A small-market team like Milwaukee can have a new ownership group that’s willing to spend money, and steal away another team’s head coach after he showed a modicum of success in his first season on the job.
But the Bucks can only realistically acquire star-level talent in a few very specific ways.
The team would have to draft it, acquire it via trade, or overpay for it dramatically in free agency. At the moment, it appears as though the last option on the list is the one Milwaukee feels has the best chance for success.
From Marc Stein of ESPN.com:
In addition to weighing possible trade for Lin, I’m told Bucks are pitching offer sheet to RFA Eric Bledsoe and pursuing PG Greivis Vasquez
The potential Lin trade would be one where the Bucks would hope to get a future draft pick or some other relevant asset in return for helping the Rockets clear salary cap space by taking on Lin’s contract.
As for Bledsoe and Vasquez, both are restricted free agents, which means that their current teams have the right to match any offer these players might receive.
In the case of Bledsoe, the Suns have maintained all along that they’d do exactly that, even if an offer sheet for max contract-level dollars were indeed to be signed. But that’s the real issue here — is Bledsoe (or any other marquee free agent) really willing to sign up for max money in Milwaukee?
Historically, the answer’s been a resounding no. The Bucks have a much better chance at someone like Vasquez, but they’ll have to come with a fairly outlandish offer that would be enticing enough for him to consider, while scaring away the Raptors from matching at the very same time.
This is a huge season — a contract kind of season of sorts — for Noah Vonleh in Portland. The team has an option on him next season (the third of his rookie deal), and to impress people he is going to have to earn minutes at the four in front of Al-Farouq Aminu, Moe Harkless, Meyers Leonard, and Ed Davis.
The Blazers have high hopes for Vonleh, he was a central part of the Nicolas Batum trade with Charlotte. However, watching Vonleh at Summer League — 12 points a game on 46.3 percent shooting, 8.8 rebounds a game in more than 30 minutes a night — he didn’t show the development anyone had hoped to see. He should have dominated at that level. He didn’t.
Now there another injury setback for him.
He should be good to go around the start of training camp at the end of September.
But he can’t afford a slow start in training camp (that set him back his rookie season). He needs to show what he can do from day one, or Portland is going to move on without him.
The Boston Celtics have 16 players with guaranteed contracts and NBA rules allow just 15 players on the roster. Which means if a trade doesn’t happen by the start of the season, someone is going to get cut but still paid for the season.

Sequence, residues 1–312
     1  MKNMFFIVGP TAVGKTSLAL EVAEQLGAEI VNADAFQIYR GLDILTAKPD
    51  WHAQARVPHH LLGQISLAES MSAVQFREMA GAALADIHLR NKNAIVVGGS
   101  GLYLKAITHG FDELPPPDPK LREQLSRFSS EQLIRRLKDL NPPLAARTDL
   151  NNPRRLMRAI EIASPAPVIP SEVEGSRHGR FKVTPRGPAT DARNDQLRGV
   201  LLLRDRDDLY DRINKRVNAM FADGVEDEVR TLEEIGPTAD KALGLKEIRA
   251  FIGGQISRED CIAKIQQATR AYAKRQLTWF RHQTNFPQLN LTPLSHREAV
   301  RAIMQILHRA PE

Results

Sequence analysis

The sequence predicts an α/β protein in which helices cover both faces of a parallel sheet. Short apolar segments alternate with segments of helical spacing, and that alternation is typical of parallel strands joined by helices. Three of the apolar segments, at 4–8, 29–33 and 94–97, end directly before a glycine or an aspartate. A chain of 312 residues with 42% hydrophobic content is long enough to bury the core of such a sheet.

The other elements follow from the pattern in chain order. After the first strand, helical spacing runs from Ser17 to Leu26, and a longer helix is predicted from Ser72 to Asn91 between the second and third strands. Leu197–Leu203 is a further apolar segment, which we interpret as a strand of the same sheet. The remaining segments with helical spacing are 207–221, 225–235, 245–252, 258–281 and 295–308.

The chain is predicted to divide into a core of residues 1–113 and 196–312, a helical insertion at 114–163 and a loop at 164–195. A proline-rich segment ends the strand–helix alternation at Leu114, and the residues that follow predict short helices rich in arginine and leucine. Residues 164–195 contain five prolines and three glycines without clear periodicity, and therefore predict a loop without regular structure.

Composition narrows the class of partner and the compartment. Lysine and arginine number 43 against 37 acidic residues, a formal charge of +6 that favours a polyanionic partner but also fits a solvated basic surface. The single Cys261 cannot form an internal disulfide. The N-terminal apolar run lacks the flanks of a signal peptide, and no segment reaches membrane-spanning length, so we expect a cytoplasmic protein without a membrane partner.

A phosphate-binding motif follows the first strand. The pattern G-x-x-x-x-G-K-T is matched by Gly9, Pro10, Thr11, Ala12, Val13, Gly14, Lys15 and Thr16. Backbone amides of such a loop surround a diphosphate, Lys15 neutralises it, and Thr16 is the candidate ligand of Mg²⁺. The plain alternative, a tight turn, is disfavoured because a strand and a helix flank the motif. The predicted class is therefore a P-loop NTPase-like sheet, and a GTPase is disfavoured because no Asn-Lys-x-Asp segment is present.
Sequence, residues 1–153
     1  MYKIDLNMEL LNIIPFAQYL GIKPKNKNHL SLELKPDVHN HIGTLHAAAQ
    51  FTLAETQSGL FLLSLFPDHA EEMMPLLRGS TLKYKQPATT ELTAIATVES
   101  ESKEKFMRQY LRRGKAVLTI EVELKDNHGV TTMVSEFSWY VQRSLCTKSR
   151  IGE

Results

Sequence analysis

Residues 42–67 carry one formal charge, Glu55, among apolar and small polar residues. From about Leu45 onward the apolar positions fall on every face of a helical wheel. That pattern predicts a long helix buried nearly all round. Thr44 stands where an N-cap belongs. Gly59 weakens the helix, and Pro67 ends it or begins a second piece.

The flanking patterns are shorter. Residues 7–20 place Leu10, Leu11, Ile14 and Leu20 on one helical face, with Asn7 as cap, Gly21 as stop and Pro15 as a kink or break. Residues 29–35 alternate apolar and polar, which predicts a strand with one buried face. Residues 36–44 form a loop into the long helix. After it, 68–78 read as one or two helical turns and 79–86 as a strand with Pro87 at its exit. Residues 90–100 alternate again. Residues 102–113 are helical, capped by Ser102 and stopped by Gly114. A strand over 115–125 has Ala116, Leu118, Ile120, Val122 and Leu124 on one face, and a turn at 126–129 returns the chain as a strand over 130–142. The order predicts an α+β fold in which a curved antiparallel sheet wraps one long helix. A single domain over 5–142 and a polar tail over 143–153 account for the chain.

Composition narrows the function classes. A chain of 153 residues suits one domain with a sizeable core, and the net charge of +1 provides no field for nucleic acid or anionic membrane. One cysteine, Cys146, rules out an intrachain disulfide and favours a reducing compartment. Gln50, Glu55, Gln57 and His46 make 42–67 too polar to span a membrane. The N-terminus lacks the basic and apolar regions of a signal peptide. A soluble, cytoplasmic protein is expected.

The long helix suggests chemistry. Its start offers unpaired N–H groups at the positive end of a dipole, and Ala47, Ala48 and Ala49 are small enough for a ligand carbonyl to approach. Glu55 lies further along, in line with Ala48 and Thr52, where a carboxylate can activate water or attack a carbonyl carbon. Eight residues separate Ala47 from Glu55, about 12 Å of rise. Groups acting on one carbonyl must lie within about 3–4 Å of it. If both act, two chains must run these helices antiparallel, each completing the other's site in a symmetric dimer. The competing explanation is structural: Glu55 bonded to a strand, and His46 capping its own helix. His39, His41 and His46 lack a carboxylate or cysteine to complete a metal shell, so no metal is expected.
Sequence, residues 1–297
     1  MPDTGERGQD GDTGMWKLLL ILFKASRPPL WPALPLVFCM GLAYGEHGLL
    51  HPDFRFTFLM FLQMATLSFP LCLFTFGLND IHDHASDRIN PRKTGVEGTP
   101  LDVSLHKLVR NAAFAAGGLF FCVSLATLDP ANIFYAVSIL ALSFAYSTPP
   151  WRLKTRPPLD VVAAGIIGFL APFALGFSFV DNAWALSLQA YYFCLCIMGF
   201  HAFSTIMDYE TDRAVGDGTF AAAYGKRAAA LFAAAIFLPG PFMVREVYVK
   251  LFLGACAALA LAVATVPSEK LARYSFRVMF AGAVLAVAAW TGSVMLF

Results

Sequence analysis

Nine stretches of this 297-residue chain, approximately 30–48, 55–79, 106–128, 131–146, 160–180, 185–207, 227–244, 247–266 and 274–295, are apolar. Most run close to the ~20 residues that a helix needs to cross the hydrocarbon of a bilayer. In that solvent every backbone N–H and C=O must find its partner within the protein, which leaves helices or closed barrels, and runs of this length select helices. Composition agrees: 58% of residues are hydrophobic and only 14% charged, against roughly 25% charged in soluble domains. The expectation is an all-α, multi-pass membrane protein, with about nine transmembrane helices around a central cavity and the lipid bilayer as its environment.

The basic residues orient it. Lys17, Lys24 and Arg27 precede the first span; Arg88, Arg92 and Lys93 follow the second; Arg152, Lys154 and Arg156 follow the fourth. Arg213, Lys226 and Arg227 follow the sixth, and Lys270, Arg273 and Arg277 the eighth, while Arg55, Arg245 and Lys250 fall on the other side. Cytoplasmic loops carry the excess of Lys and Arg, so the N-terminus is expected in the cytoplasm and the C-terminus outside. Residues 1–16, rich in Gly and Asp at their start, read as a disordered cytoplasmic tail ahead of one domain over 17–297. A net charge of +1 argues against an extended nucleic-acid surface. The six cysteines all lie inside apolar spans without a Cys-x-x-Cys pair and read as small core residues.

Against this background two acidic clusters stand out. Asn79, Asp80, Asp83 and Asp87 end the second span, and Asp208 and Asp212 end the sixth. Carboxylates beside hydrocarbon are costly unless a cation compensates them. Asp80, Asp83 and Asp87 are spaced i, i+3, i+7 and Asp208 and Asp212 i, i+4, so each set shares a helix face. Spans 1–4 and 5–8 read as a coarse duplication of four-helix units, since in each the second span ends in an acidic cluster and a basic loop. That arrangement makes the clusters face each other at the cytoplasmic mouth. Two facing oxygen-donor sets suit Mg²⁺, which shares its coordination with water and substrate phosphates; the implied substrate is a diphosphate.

This doesn’t change that.
The Celtics signed guard John Holland last season (he played a total of one playoff minute for them), but the deal was not guaranteed for this season. From Shams Charania of The Vertical at Yahoo Sports.
This was expected. Holland, who has played on the Puerto Rican national team, will be looking for a new gig either in the D-League or overseas (it’s unlikely an NBA team offers more than a training camp invite) By the end of training camp, the Celtics also likely will cut second-round pick Ben Bentil of Providence, who had a partially guaranteed deal.
That will leave R.J. Hunter and James Young battling it out for the final roster spot in Boston.
Ty Lawson is headed to the Kings, as first reported on Monday. The team made the move official on Wednesday with a press release, and USA Today‘s Sam Amick offers up another important piece of information: Lawson’s deal is not guaranteed, making it essentially a make-good camp invite.
It’s staggering how Lawson went from a borderline All-Star level point guard in 2012-13 to signing a non-guaranteed one-year deal with a lottery team three years later. His off-the-court issues have contributed to that, and he didn’t produce last season in Houston and Indiana. Still, he should have a pretty good chance of making the Kings’ roster, with Seth Curry and Rajon Rondo gone and Darren Collison their only proven point guard. They need depth there.
When Ben Simmons declared for the NBA draft this spring, he signed with LeBron James‘ Klutch Sports group for representation. That association would appear to have its advantages for the No. 1 overall pick, including the opportunity to work out with James and Dwyane Wade during the offseason. Wade posted a group photo on Instagram on Wednesday afternoon:
Also, it’s pretty staggering to see Simmons standing next to James and realizing that he’s bigger and taller.